Two years ago, President Obama signed the Credit Card Accountability Responsibility and Disclosure Act to help protect consumers from being taken advantage of by credit card issuers. Many experts predicted cardholders would witness a spike in interest rates and fees. Today with the new law in place, the Pew Charitable Trusts says it looks like the legislation is working as it was designed to, as the fees associated with late payments have declined and interest rates have stabilized.
About the CARD Act
The President signed the act in May 2009 to protect consumers from abrupt contract changes and to limit fees. Many of the provisions took effect in February 2010, including restrictions regarding interest rate increases. The Federal Reserve approved rules regarding late fees which went into effect last August. For first-time late payments, cardholders cannot be charged more than $25. For any additional late payments made within six months of the first delinquency, issuers can charge a maximum of $35.
The Data Highlights Change
Two years later, it is apparent the CARD act has affected consumers in a positive way and is doing what it was penned to do. According to the Pew Charitable Trusts Safe Credit Cards Project, late payment fee charges have declined and interest rates have stabilized rather than skyrocketing upwards.
The non-profit recently conducted a study which included 300 consumer credit cards offered online by the 12 largest banks and 12 largest credit unions, accounting for 90 percent of the credit card debt in America. It studied the fine print for cards offered back in May 2010 compared with ones offered in January 2011 and found the amount banks charge cardholders in late fees had decreased. The frequency with which cardholders are charged late fees remained unchanged, though. The report states that the median of late payment charges used to be $39. This figure has dropped to a range of $25 to $35 just as the new law prescribes.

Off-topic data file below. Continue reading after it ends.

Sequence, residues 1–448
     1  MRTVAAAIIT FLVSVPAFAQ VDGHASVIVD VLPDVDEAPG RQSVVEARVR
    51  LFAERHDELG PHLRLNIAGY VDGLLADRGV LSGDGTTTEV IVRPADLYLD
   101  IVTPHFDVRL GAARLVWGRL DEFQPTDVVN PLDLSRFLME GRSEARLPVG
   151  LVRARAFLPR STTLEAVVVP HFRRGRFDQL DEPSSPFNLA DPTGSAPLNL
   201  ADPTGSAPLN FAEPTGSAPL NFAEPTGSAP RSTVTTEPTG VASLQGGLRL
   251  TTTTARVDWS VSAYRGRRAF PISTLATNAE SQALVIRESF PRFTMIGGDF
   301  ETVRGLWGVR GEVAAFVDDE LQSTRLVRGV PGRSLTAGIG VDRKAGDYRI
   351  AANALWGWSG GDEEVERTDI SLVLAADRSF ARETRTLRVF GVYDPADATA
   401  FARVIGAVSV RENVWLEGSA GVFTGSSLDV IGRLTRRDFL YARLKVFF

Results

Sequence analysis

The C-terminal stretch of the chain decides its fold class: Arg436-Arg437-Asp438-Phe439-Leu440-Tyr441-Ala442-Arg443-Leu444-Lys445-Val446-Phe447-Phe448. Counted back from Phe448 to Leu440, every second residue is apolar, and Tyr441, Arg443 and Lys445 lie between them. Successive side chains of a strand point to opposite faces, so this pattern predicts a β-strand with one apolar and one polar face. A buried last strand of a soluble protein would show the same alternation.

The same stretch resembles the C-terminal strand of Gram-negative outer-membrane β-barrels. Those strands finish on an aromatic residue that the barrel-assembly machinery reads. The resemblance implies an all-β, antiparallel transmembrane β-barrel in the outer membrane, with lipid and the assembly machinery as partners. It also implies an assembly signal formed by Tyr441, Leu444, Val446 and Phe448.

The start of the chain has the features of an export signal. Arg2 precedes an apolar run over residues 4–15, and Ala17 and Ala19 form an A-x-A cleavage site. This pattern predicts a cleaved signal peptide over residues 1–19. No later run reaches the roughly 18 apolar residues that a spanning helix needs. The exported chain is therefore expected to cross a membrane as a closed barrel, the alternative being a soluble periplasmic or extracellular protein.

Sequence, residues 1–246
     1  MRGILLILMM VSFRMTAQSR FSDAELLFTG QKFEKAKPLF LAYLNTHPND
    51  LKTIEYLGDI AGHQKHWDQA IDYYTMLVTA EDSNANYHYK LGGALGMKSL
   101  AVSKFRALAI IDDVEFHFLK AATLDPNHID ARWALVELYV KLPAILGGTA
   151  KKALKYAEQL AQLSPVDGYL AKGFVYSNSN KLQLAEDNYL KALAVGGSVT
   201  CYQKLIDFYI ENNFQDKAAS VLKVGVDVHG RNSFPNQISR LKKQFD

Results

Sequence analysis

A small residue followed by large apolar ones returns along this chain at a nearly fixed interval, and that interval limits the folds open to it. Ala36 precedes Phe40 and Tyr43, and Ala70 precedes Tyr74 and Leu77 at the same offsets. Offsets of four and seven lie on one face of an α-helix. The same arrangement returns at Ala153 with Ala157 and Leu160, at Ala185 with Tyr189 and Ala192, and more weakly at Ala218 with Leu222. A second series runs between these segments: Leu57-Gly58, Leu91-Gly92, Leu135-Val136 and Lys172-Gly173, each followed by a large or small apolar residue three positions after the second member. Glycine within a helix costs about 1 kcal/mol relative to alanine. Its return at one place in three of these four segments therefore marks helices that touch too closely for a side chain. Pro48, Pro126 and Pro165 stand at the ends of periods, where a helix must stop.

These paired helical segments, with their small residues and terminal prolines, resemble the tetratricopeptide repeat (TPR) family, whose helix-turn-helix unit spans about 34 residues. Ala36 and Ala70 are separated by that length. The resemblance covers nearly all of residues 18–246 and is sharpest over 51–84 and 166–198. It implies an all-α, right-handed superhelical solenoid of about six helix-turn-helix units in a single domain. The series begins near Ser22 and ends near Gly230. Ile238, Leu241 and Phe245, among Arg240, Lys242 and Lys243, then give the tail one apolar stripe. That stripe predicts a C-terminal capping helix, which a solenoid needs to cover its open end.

As far as the median advertised interest rate for purchases on bank-issued cards, they remained unchanged with a range of 12.99% to 20.99%. Credit union interest rates only increased slightly to between 9.99% and 17%. Even penalty interest rates for late payments remained steady, as well as cash advance interest rates. Annual fees also remained steady at a median rate of $59, but you’ll notice more credit card offers come wrapped up with annual fees. This segment jumped from 14% to 21% in bank-offered cards and remained unchanged at 14 percent for cards issued by credit unions.
The good news is that despite predictions of interest rates and other fees skyrocketing, things are holding steady for cardholders for the most part. Although banks are increasing the number of cards with annual fees, it is still easy enough to locate the no annual fee cards. Also, many of the cards with annual fees could be associated with a rewards program and other perks that make up for the annual fee.